According to SAS's website, "Whether the work is local, national or international, rescuing victims or providing services to survivors, prosecuting perpetrators or creating new anti-slavery and anti-trafficking laws, we seek to connect all Seattle area individuals and organizations in a grassroots community with a vision to expand our network across the nation" [emphasis added]. Anti-trafficking work demands such a holistic approach to address the facets of the problem, from the myriad of needs of victims and survivors to the challenges of policy and prevention. Moreover, given the horrific nature of anti-slavery work at times, such a community is vital to the well-being of those on the frontlines.
Nevertheless, while broad efforts with diverse areas of expertise are necessary for addressing slavery in a community, pulling such a team together is easier said than done. Thus, the diversity of SAS partner organizations is particularly impressive. Partners range from victim care and rescue organizations in the Seattle area - such as the Asian and Pacific Islander Women & Family Safety Center, the Seattle Police Department, and the Washington Advisory Committee on Trafficking - to awareness and/or fundraising organizations - such as Climb for Captives and Film, Faith & Justice. SAS also works with other coalitions, like the Chicago Alliance Against Sexual Exploitation (CAASE).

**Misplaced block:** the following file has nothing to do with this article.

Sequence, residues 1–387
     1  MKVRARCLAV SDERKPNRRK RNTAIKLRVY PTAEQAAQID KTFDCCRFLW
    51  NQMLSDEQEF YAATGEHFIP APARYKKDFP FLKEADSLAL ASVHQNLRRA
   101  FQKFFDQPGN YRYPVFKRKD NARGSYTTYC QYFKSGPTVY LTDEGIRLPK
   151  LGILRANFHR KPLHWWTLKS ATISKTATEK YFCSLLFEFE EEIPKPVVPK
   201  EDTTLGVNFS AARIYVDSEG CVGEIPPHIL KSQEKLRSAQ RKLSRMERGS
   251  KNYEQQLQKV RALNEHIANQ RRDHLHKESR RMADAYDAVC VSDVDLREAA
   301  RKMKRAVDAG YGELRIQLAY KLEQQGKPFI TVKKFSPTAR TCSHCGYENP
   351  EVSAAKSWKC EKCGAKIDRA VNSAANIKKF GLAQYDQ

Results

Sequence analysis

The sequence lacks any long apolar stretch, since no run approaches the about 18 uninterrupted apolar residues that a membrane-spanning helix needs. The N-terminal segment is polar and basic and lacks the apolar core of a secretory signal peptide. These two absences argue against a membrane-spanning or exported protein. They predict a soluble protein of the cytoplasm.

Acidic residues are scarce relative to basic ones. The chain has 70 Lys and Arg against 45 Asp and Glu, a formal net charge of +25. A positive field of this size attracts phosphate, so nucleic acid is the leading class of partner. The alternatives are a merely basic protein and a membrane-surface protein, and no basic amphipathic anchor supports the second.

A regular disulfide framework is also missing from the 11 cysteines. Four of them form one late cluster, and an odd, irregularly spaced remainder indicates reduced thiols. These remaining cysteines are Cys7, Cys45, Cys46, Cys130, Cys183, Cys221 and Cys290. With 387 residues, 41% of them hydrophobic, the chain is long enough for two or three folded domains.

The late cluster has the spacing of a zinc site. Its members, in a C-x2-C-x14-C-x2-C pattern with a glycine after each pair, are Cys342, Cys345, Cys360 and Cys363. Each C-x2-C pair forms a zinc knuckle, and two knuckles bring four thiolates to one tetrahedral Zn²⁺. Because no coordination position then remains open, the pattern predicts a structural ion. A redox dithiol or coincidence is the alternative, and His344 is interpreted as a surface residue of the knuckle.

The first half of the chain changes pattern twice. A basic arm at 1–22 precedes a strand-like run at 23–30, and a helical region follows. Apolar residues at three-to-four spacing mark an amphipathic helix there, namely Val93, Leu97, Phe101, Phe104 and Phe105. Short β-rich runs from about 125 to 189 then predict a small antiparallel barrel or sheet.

If you are interested in getting involved, SAS and its partner organizations offer a variety of volunteer opportunities, from project management to public speaking to events coordination. You can email SAS at firstname.lastname@example.org for more information or visit them on Facebook.
Like many anti-trafficking groups, SAS's vision is "Ending slavery in our lifetime;" the organization focuses on starting locally, "one city at a time starting with Seattle." SAS's efforts and vision reflect a belief that local efforts, when leveraged with grassroots support and multi-sector collaboration, can create global change.